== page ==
17 June 2017
2 Corinthians 5:14-21
The love of Christ overwhelms us when we reflect that if one man has died for all, then all men should be dead; and the reason he died for all was so that living men should live no longer for themselves, but for him who died and was raised to life for them.
From now onwards, therefore, we do not judge anyone by the standards of the flesh. Even if we did once know Christ in the flesh, that is not how we know him now. And for anyone who is in Christ, there is a new creation; the old creation has gone, and now the new one is here. It is all God’s work. It was God who reconciled us to himself through Christ and gave us the work of handing on this reconciliation. In other words, God in Christ was reconciling the world to himself, not holding men’s faults against them, and he has entrusted to us the news that they are reconciled.
So we are ambassadors for Christ; it is as though God were appealing through us, and the appeal that we make in Christ’s name is: be reconciled to God. For our sake God made the sinless one into sin, so that in him we might become the goodness of God.
Jesus said to his disciples: ‘You have learnt how it was said to our ancestors: You must not break your oath, but must fulfil your oaths to the Lord. But I say this to you: do not swear at all, either by heaven, since that is God’s throne; or by the earth, since that is his footstool; or by Jerusalem, since that is the city of the great king. Do not swear by your own head either, since you cannot turn a single hair white or black. All you need say is “Yes” if you mean yes, “No” if you mean no; anything more than this comes from the evil one.’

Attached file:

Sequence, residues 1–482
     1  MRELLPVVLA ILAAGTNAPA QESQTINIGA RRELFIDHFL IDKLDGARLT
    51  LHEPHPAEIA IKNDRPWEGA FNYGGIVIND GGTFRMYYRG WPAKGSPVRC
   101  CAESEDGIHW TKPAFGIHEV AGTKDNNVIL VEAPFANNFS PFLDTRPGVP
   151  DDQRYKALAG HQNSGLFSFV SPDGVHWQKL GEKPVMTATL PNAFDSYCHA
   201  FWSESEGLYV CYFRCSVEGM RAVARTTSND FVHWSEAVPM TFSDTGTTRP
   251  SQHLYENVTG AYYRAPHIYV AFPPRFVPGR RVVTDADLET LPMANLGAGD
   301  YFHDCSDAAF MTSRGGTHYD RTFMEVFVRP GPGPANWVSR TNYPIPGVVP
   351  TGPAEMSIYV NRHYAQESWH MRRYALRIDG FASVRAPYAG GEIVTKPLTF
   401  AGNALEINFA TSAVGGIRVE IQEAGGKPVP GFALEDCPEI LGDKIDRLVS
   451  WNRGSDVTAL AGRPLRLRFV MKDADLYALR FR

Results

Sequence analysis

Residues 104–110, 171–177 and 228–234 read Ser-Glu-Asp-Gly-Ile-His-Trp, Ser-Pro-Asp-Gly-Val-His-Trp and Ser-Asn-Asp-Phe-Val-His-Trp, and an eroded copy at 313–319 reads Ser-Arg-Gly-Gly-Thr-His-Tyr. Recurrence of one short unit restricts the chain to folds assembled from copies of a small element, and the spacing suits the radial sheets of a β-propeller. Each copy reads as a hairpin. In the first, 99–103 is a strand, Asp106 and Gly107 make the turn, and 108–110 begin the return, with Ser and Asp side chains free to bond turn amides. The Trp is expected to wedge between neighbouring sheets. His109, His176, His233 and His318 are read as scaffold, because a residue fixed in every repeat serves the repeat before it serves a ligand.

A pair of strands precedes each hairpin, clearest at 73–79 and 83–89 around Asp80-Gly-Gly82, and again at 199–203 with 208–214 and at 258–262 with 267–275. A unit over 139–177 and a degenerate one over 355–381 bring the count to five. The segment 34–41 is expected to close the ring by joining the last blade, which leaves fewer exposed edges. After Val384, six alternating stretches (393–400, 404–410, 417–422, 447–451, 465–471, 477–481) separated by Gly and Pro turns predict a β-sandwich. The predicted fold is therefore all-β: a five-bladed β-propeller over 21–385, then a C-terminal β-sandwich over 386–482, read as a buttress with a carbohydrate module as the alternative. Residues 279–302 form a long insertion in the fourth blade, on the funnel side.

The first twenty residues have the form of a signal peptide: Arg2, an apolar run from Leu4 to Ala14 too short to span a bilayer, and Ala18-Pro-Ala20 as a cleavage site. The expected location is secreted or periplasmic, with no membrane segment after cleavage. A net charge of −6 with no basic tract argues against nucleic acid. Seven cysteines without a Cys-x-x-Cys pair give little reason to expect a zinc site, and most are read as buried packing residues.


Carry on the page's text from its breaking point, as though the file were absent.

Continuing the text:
“Let your ‘Yes’ mean ‘Yes,’ and your ‘No’ mean ‘No”
Many people (myself included) have somehow over the course of our lives acquired a bad habit of using God’s name to swear. And in swearing, I mean both senses of the word, whether in terms of making a promise or an oath, or cursing an inopportune event that has befallen one. So it is common to hear things like “I swear to God, I didn’t do it!” or “Jesus Christ! Did he just cut in front of me?” One of my favourite bands, Jars of Clay, even has a song that addresses this habit of swearing in God’s name. Entitled “Oh My God”, the song plays on secular society’s habit to use the phrase ‘oh my god’ for all sorts of situations.
In today’s gospel, Jesus makes it clear that swearing of any form, not just using God’s name, is wrong. Indeed, the Lord teaches us that we need to say what we mean, and mean what we say. For to swear would be to promise more than we can deliver, and hence end up making false oaths. Indeed, “no one knows about the day or hour” (MT 24:36). How can we promise anyone anything when we do not even know if the sun will rise tomorrow, much less whether we will be able or willing to fulfil the promises or oaths that we have this tendency to make.
Jesus even goes so far as to say that anything more than ‘yes’ meaning ‘yes’ and ‘no’ meaning ‘no’ is from the Evil One. Indeed, many of the promises and oaths that we make, even under duress (especially under duress), stem from an overconfidence in our own ability to deliver on promises or even determine our own fates. This excessive belief in ourselves can be seen as an elevation of the ‘self’ as an idol. That is why our Lord said that such promises are from the Evil One.
Rather than swearing oaths and making promises we cannot keep, let us be clear (both to others and to ourselves) what we can/should and can/should not do. In doing so, we say ‘yes’ to God in our obedience to Him and trust in His providence, and we say ‘no’ to the devil and all his empty promises.
(Today’s Oxygen by Jacob Woo)
Prayer: Lord, keep us grounded in Your love and our humility, so that we may continue to trust and rely on your never-ending providence.
Thanksgiving: We thank the Lord for providing us with all that we need, for it is in the fulfilment of these needs that we see the emptiness of our wants.